KAMLOOPS, BC – A study by the Canadian Institute of Geriatrics has discovered a direct correlation between people who claim they lived a life without regrets and people who actually have a great deal of disappointment in their younger selves.
“I’m not surprised,” says Dr. Mel Friedman, the study’s co-author. “Naturally living longer makes one more susceptible to regret-accumulation, particularly for those who keep making the same mistakes over and over again — like saying ‘I have no regrets’ even when you know how stupid it sounded the last time you said it.”
The subjects involved were all senior citizens who claimed to have lived perfect lives while the rest of humanity just muddled through a waking nightmare of dead-end jobs and bad relationship choices. But their social media posts and closest relatives told a different story, usually showcased in angry Yelp reviews and quiet weeping at 3 am in the downstairs bathroom.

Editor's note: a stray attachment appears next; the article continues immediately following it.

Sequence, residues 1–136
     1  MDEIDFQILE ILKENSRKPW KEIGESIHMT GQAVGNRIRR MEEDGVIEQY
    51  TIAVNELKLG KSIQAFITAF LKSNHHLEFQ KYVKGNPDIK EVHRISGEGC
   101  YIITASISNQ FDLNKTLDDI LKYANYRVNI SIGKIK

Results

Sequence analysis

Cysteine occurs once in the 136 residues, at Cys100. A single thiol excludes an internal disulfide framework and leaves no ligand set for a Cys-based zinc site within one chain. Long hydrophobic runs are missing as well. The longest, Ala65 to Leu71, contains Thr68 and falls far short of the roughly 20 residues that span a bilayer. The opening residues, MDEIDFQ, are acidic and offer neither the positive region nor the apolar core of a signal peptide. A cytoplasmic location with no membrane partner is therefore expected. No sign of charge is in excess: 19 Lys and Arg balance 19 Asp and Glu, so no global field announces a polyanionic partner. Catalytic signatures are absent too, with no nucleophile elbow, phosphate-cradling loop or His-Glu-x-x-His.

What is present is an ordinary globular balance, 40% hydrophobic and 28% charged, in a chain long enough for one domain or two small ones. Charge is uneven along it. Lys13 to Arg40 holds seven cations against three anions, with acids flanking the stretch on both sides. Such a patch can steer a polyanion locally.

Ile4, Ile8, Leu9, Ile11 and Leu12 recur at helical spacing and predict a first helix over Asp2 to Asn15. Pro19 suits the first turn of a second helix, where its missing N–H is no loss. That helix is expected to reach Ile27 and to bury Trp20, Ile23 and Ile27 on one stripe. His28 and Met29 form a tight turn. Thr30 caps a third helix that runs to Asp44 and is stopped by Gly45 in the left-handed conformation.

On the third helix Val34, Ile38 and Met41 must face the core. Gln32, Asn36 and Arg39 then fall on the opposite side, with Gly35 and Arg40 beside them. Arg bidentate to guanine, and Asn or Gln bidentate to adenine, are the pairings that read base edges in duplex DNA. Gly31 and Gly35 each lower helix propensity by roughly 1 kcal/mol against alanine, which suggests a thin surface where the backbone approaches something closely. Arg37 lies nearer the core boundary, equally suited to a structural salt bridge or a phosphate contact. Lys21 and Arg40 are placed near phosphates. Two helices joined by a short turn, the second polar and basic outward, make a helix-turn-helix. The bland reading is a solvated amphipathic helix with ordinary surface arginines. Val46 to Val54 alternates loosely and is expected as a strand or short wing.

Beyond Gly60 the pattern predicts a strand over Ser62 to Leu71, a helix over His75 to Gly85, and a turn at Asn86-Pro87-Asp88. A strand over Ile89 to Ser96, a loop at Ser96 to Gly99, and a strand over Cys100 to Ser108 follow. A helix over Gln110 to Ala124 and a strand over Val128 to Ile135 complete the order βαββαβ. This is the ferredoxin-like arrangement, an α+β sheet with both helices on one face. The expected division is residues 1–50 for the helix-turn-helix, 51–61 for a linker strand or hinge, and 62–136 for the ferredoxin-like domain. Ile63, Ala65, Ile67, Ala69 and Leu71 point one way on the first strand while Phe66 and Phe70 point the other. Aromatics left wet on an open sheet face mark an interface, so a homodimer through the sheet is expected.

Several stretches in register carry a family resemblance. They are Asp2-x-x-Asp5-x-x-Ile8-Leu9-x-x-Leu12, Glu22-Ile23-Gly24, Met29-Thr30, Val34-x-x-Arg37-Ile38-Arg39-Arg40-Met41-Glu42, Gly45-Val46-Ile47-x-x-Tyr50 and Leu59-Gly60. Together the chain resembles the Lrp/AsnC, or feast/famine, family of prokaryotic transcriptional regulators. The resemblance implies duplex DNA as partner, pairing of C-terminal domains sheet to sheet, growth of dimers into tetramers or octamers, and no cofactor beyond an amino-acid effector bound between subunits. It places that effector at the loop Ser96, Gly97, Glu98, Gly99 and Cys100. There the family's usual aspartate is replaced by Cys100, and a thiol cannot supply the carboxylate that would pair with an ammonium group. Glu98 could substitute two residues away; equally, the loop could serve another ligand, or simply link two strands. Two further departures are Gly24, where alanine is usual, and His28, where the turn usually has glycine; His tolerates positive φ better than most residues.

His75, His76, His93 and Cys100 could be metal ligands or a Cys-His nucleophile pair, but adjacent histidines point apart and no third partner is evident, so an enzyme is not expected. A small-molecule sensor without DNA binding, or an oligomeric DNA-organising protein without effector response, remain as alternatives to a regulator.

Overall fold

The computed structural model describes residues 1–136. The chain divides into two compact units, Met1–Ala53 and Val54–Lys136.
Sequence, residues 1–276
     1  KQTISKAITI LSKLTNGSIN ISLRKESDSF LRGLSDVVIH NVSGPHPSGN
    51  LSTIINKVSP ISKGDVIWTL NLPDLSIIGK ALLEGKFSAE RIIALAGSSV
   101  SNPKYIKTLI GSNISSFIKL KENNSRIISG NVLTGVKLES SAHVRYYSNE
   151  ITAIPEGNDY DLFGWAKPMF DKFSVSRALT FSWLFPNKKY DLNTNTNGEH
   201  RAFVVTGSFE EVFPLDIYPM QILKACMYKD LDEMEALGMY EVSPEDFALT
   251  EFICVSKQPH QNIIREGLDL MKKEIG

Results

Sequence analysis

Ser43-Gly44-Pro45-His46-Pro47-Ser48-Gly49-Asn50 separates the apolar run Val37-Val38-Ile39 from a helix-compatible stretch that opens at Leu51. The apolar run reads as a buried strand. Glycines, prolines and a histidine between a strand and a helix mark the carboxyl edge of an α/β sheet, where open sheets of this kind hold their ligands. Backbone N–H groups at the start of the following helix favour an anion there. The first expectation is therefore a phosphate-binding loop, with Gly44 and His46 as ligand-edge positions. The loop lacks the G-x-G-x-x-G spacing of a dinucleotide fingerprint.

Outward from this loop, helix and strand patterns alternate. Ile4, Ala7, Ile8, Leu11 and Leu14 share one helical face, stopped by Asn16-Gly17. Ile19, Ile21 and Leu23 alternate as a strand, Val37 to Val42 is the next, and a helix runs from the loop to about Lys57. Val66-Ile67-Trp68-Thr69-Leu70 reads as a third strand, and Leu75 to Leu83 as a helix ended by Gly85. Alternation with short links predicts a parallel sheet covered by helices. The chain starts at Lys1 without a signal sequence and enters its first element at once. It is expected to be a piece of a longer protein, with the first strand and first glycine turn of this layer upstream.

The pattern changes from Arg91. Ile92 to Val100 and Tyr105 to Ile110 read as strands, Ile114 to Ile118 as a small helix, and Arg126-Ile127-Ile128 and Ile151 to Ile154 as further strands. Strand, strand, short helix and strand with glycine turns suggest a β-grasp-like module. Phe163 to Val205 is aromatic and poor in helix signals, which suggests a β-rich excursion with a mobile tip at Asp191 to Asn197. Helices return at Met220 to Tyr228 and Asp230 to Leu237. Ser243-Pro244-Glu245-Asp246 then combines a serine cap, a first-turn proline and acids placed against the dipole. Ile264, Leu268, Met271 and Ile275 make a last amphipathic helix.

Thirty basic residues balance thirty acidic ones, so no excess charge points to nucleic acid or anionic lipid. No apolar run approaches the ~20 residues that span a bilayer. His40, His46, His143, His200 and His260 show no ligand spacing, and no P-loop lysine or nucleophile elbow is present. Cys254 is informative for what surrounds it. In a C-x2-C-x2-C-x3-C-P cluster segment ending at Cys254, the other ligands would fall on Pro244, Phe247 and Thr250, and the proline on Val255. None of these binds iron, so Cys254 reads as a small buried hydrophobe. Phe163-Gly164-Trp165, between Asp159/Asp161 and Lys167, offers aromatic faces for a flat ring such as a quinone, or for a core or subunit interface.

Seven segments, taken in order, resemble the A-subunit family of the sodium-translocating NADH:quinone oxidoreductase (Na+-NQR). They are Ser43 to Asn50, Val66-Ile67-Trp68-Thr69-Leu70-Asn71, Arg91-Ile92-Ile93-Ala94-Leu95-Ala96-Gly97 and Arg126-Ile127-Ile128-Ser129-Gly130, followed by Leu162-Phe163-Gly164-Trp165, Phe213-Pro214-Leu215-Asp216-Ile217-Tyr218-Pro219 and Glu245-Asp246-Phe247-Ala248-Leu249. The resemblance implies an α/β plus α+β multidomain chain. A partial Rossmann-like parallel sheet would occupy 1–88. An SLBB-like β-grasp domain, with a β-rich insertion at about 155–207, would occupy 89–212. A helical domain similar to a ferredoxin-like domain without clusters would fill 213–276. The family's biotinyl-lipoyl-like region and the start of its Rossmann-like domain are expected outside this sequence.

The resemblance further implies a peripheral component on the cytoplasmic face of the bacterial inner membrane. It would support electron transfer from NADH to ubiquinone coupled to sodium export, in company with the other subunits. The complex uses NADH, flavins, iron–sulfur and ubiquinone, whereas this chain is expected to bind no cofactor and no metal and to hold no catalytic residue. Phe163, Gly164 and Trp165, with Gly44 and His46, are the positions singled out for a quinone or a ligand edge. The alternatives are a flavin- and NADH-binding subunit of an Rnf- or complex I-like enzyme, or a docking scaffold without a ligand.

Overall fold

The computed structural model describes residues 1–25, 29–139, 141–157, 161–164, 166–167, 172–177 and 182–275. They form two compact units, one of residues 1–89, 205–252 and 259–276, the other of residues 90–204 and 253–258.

When confronted with the findings, the subjects seemed convinced that they were, in fact, fault-free. Nearly every subject interviewed was certain that they had been mistaken for someone else, they were totally out of town that day, or that Todd was a complete shit and got what he deserved.
Although the source of the discrepancy is still under debate, researchers hypothesize that people just say these things because they realize how close they are to death and think a pithy obituary tag would make them look wiser than they actually are.
“Regret is simply the intersection of nostalgia and contrition that occurs as we age and gain perspective on our lives,” says Friedman. “I’m suppose some people are capable of producing neurochemicals late in life that make them forget the bad decisions and be happy with where they ended up.”